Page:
Sometimes you get a piece of feedback that is highly specific. It offers alternate word choices. It tells you the basics like you’re an idiot. It offers suggestions that are likely things you considered and discarded. It rewrites the plot for you. It feels like a rug burn: condescending, a checklist of everything wrong. You walk away feeling like this is the worst feedback ever.
It isn’t, though. It’s the best.
Look past what may feel like condescension. This sort of detail is impossible for someone who has not engaged fully with your work. The sign of a critic who does not care is brevity, not detail. It’s dismissal.
Now, all the other caveats about whether or not this feedback is right still apply. It can be detailed and not right. But never dismiss serious thought.
People who tell you you’re awesome are useless. No, dangerous.
They are worse than useless because you want to believe them. They will defend you against critiques that are valid. They will seduce you into believing you are done learning, or into thinking that your work is better than it actually is. Especially watch out for the ones who tell you that nobody understands your genius.
Honestly, this is going to sound horrible, but self-doubt is one of your most powerful tools for craftsmanship. None of the designers you admire feel self-confident about their work in that way. None of them think that they are awesome. They all suffer from impostor complexes the size of the Titanic.
I am not saying that you need to lack confidence in yourself. (Heck, you’ll never put anything out if that’s the case! You need to have the arrogance to assume anyone will care in the first place). I am saying that nobody is ever done learning, and people who tell you you have arrived will give you a sense of complacency. You should never be complacent about your art.
Someone asked for feedback will always find something wrong.
This is super simple. When someone is asked to critique something, they will feel like they have failed if they don’t find something wrong. So everyone will always find something, even if there’s nothing major to fix.
That doesn’t mean that the thing they mention is wrong. If the only feedback you get from multiple people is the same minor thing, you should feel pretty good!
Good work may not have an audience.
This is a sad truth. There is no correlation between quality and popularity. You may make something that is sophisticated, subtle, expressive, brilliant, and lose out to what is shallow and facile and brash. Oh well. And that really is the right attitude to have about it, too: oh well. Getting bitter about it is pointless.
That said, don’t underestimate the skill required in being simple, polished, and accessible. Dense and rich is easy. Simple is hard. You denigrate “pop” at your peril.
Any feedback that comes with suggestions for improvement is awesome.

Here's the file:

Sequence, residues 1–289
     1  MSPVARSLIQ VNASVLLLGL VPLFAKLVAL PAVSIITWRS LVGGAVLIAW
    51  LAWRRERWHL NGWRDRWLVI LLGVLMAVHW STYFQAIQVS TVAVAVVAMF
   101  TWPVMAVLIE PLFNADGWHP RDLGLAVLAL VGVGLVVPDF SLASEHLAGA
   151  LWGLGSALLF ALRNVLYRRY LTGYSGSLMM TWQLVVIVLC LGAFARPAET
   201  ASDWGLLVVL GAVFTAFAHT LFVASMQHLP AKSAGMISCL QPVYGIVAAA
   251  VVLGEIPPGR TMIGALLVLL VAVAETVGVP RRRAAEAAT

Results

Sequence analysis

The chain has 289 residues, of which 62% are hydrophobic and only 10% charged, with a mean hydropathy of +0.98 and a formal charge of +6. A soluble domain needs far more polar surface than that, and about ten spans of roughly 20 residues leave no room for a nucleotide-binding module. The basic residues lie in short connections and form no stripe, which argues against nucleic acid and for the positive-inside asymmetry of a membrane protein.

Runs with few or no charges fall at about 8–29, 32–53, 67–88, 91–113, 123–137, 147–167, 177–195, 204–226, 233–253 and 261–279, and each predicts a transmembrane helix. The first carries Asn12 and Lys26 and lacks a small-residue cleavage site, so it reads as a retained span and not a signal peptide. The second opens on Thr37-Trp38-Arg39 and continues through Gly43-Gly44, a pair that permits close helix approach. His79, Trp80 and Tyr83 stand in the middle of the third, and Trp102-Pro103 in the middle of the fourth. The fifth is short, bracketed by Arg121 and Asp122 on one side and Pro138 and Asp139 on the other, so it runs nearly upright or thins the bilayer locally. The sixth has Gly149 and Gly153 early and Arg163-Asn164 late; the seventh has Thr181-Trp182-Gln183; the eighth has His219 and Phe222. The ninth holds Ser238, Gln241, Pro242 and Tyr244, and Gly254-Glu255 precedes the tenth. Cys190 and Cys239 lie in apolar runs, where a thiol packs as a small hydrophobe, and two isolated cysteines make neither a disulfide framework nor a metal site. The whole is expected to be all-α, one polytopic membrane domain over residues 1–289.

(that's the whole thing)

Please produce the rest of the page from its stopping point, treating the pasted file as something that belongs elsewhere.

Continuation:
That’s because it means the person offering the criticism actually thought about your goals. So either you get avenues to explore that assist you in your artistic goal, or you get told that your goal is invisible to an audience! Both are highly valuable information.
If you agree with the criticism, say “thank you.” If you disagree, say “fair enough,” and “thank you.”
Complaining about a critique, or about a bad review, is utterly pointless. You can’t deny the subjective experience of the reviewer. You also have to be thankful that they paid enough attention to actually say anything at all. The fact is that indifference is the enemy, not engagement, even if that engagement doesn’t get the results you want.
You’re going to face way more indifference in your career than anything else. There are a lot of people out there working really hard, and they all want the audience attention that you do. Always be grateful for the attention. Someone takes the time to let you know what they thought? That’s already one in a thousand. They cared.
You are not your work.
Above all, don’t forget this. Oh, be personally invested, of course. Your art will be poorer if you are not. But every little ship we launch is just our imperfect crafting of the moment. And we move on. We create again, and again. Each can only ever express a fragment, a tiny fraction of ourselves. And if you are trying to always improve in your craft and your art, then every old fragment, everything out there in the world already, that’s old news. You are on the next thing. Your next work, that’s who you are. Not the work that exists, but the work that does not yet.
So if someone savages it, who cares? That was yesterday. It’s not who you are now.
Hold on to that, because a lot of people can’t separate the work from the artist. Including a lot of artists.
That’s all I’ve got.
And really, this post is as much for myself as it is for anyone else. Because we all need reminding.